8. The dissipative uses are those where recovery of used PCBs is not possible, since they are not contained in closed systems but in direct contact with the environment:

a) Lubricating and cutting oils

The conditions under which these oils are used are such that there is continuous emission of small quantities into the environment. These applications, not being essential, should be discontinued.

b) Pesticide use

This use has fortunately been abandoned in most countries already; if not, it should be banned with immediate effect. Since all OECD countries require registration of pesticides, such a measure can easily be taken under existing legislation.

c) Plasticizers

The most important category, by volume of dissipative use is in the field of plasticizers. They are or have been used in most countries in a wide variety of consumer products including paints, inks, copying paper, adhesives, sealants, plastic products, etc., many of which are traded internationally. The major applications seem to be in the printing and paint industries.

9. The printing industry: Because of the risk of contamination of paper, which after recycling may be used in food packaging, the use of PCBs in the printing industry should be banned. In view of the fact that printing inks can be produced without PCBs and that in any case the amount used probably represents a total value of only about $30 000 in OECD countries, such a measure should not cause serious economic damage. Assuming that copying paper is usually provided by the copying machine maufacturers (relatively few and big companies), any economic effects should be small.

10. The paint industry poses a somewhat different problem. Over the last decade, production has increased by 3.5 per cent-5 per cent annually and the trend is rising in the OECD area. The over 2 000 million dollar West European paint industry alone accounts for some 40 per cent of the world output. Production is assured by a few large and a great many small companies (United Kingdom = 480, Italy and France = 350, etc.). This picture suggests that an overall ban on PCBs in paints could have some economic consequences. It appears, however, that where used (e.g. in stoving applications) PCBs constitute something like 5- 1 0 per cent of the paint. Few details are available in respect of the amounts used in paints, by taking one example (France) where 250 tons were used (1971) in a paint industry that produced something like 700 000 tons of paint, presumably only 2 500-5 000 tons would contain PCBs. Considering in addition that I small paint manufacturers are gene.-ally highly specialized, and that the manufacturing process would not have to undergo a major change to replace the use of PCBs, a ban on PCBs should not cause any serious disturbance. The use of PCBs in paints has, in fact, been discontinued in some countries already. Figures for production (8 654 200 tons in 1969) and consumption (8 517 500 tons) in OECD countries again suggest that import of paints from non-OECD producers may be of minor significance.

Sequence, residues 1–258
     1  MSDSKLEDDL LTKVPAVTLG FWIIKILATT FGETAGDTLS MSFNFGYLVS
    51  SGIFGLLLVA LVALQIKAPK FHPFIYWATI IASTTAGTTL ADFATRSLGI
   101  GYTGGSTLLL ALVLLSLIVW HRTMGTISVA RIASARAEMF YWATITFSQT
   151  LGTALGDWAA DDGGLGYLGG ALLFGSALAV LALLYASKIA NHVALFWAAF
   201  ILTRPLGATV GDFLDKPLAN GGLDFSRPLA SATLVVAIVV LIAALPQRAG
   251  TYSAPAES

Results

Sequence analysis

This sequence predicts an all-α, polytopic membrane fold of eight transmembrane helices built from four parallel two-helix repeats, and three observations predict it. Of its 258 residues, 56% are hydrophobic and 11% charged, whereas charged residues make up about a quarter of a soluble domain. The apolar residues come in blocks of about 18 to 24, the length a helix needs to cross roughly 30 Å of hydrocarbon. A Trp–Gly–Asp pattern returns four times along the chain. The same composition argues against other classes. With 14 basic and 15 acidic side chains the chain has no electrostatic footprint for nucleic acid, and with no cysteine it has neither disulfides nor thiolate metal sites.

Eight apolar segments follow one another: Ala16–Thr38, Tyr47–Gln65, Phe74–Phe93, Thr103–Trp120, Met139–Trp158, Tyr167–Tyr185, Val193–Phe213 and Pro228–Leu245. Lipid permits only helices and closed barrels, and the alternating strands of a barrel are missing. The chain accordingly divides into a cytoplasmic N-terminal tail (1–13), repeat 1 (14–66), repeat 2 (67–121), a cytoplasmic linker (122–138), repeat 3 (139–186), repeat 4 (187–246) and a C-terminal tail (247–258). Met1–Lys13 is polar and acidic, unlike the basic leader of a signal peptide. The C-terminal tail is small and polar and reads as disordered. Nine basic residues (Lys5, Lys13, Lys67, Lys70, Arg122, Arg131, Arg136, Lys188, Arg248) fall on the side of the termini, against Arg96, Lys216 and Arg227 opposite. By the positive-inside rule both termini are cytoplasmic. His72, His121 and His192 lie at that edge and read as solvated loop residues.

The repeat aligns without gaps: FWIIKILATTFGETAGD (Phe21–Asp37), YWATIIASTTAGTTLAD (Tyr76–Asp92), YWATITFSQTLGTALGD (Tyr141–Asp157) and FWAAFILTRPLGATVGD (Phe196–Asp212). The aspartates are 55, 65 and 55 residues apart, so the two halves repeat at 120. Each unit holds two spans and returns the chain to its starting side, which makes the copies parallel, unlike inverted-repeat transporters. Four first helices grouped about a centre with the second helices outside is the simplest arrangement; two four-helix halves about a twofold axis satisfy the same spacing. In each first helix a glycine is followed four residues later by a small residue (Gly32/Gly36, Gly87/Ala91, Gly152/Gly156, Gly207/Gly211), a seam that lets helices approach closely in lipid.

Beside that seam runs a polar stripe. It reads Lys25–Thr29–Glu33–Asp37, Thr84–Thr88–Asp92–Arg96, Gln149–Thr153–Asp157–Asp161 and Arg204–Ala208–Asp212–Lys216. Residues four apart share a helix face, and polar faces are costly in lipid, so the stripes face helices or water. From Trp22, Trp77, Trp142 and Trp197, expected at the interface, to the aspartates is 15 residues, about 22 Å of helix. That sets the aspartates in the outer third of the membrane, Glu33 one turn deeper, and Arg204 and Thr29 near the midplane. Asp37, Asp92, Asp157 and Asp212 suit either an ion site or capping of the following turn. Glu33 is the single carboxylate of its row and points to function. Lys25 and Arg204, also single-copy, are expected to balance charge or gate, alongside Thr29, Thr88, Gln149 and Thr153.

11. In practice, none of the products where PCBs have been used as plasticizers can be recovered. Unless the use is totally eliminated, there will be continuous emissions into the environment due to evaporation, insufficient incineration, etc. Judging by the action already taken in several countries, substitutes can readily be found for the whole category of plasticizer use of PCBs, which should, therefore, be banned.

12. It follows from what has been said above that for adequate protection of health and environment, but also to avoid undue competition in international trade, agreement is necessary on allowed uses of PCBs. In order to ensure that home production is not substituted by import, control action by governments, through licencing or other means, is essential. Measures are further necessary to ensure collection of used material, safety in transport of raw PCBs, and assessment of substitute materials:

a) A uniform labelling system, internationally recognizable, should be developed for use on containers of raw PCBs as well as on any equipment or product containing PCBs.

b) Suppliers (i.e. manufacturers and importers) should further provide containers for the transport of PCB-containing liquids: such containers must meet the appropriate specifications that have been laid down to ensure safety in transport of dangerous chemicals.

c) Development of substitutes that are less hazardous than persistent PCBs[1] should be encouraged, but in view of the fact that no system for pre-market control of new chemicals has been introduced, testing for environmental effects is so far entirely the responsibility of the manufacturers. Information on replacement products should, therefore, be collected and reviewed.

[1] As of the time of the preparation of this Note, limited research studies with certain selected PCB-compounds seem to indicate that some of these